So it says in the text, “in the same way, husbands ought to love their wives,” so we are to wash them with water through the word for the purpose of her holiness and growth in Christ. And guess what? While that's happening, you're going to be growing, too. because you need to grow, too. Same thing in pastoral ministry, there are no perfect pastors. We're growing together. And it's just such a beautiful thing. No, you are not Christ to your wife, you don't shed your blood for her. You're not the atoning sacrifice turning away the wrath of God. That's been done once for all. But now you get to act like Jesus in her life, and that is to partner with Him through the Spirit in her ongoing salvation, sanctification, to help her grow in grace in the knowledge of Christ. And you get to do that by washing her with water through the word. And this idea is beautiful. Paul talks about it in 2 Corinthians 11:2, he's talking about the Corinthian church, a local church. He said, "I'm jealous for you, with a godly jealousy." He said, "I promised you to one husband, to Christ, so I might present you as a pure virgin to him." I think every husband ought to think of his wife that way. Like I'm not your real husband, Jesus is. And I want to get you ready for the real wedding day, the eternal one. I want to do everything I can to get you ready for Jesus. That's what this marriage is about. And I know that I'm also part of the Bride of Christ, and He's going to use that whole thing to get me ready too. And this is just a beautiful, beautiful picture.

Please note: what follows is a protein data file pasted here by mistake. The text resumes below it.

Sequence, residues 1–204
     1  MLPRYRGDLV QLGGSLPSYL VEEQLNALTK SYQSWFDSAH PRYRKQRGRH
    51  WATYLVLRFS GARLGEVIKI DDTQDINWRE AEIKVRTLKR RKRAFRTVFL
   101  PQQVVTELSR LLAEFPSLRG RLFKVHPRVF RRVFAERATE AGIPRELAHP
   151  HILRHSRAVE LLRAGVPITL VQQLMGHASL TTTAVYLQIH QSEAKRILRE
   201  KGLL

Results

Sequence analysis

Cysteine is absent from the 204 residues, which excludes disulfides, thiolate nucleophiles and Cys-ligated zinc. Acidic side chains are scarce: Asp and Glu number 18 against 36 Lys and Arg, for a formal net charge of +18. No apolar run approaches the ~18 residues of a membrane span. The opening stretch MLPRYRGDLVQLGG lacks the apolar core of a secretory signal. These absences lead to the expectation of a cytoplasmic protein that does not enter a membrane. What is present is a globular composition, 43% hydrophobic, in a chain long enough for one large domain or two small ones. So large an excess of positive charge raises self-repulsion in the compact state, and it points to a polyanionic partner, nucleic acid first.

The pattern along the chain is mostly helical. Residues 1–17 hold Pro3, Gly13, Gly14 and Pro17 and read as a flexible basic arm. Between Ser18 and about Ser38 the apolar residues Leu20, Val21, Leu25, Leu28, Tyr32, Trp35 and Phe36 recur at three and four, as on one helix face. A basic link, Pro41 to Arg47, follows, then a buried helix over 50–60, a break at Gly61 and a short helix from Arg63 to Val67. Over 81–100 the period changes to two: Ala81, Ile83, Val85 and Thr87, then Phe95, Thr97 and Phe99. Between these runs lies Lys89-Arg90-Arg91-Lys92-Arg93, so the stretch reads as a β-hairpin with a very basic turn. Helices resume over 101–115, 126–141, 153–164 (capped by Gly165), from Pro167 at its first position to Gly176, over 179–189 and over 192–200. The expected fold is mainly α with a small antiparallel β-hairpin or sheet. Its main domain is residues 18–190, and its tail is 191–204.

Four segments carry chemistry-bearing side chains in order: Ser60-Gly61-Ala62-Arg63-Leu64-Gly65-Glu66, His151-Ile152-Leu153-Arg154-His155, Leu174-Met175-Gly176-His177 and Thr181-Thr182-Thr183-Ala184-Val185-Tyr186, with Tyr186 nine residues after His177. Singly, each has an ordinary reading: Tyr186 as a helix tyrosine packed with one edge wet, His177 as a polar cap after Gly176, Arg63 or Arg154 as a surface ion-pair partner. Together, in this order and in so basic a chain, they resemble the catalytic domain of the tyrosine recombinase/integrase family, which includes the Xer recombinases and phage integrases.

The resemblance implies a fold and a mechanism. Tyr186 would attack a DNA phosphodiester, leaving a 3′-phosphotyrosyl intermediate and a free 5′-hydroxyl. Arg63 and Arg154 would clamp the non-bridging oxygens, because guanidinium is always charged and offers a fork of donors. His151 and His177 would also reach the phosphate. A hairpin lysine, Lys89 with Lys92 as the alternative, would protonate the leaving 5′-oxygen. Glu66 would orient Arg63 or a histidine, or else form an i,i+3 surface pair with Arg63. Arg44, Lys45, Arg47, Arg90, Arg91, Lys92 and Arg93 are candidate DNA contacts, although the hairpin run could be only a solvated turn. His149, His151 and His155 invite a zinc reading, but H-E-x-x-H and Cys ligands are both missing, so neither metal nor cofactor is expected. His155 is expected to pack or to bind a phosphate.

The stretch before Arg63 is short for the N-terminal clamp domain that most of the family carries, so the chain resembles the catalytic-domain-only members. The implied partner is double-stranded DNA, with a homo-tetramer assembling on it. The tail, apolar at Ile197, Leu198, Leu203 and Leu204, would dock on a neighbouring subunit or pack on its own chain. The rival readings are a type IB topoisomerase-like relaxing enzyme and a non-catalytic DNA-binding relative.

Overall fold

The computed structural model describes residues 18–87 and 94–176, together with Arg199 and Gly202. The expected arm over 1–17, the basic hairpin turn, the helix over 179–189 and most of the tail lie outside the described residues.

And as you do that, you're getting her ready for Judgment Day, guess what? You're going to have a better and better marriage. Brothers, you're a fool if you don't do this, because it says in the text, "He who loves his wife loves himself." Hint, hint. Want a happy life? Do this. Bless your wife, pour into her. Make her happy, live for her joy, her only joy. Do that, and 10 years, 20 years down the road, you will be a blessed man. He who loves his wife, loves himself. John Piper said that's probably the most hedonistic verse he can find in the Bible. It's like, “You want to get something good out of this? Do this.” You're a fool if you don't. That's what he's saying. You're going to get benefits.

Practical Ways to Obey This Command

Practically, just practically, husbands, are you doing this? Have you set aside time for the two of you to be in the word together? I was convicted by this. We have family devotions, but I need more time with just the two of us over the Word of God, I think it would help. We've not been doing it. We've been busy doing other things. We're faithful in the family altar. Don't miss, really. But I think there's some times, we could have just the two of us in the word. I think it would help. But if I could just say, husbands, get to know the word. You say, "Well, you don't know my wife, she's a real Bible person. She knows the Bible far better than I do." Well, let that not be so 10 years from now. Get into a competition. You guys are competitive. I know you. Compete with her. Don't tell you're doing it. She's got a big head start on you, maybe. Catch up and pass. Or not. I don't care if to the grave, she knows more of the Bible than you, just as long as you're both growing and accelerating in your knowledge of the word of God. Be the priest, the pastor of your family, especially to your wife. And pray for her, take her weak areas, the ones that you would be tempted to complain about, don't complain, don't tell it to some other person. Bring it up vertically to God in prayer, pray for your wife's weak areas.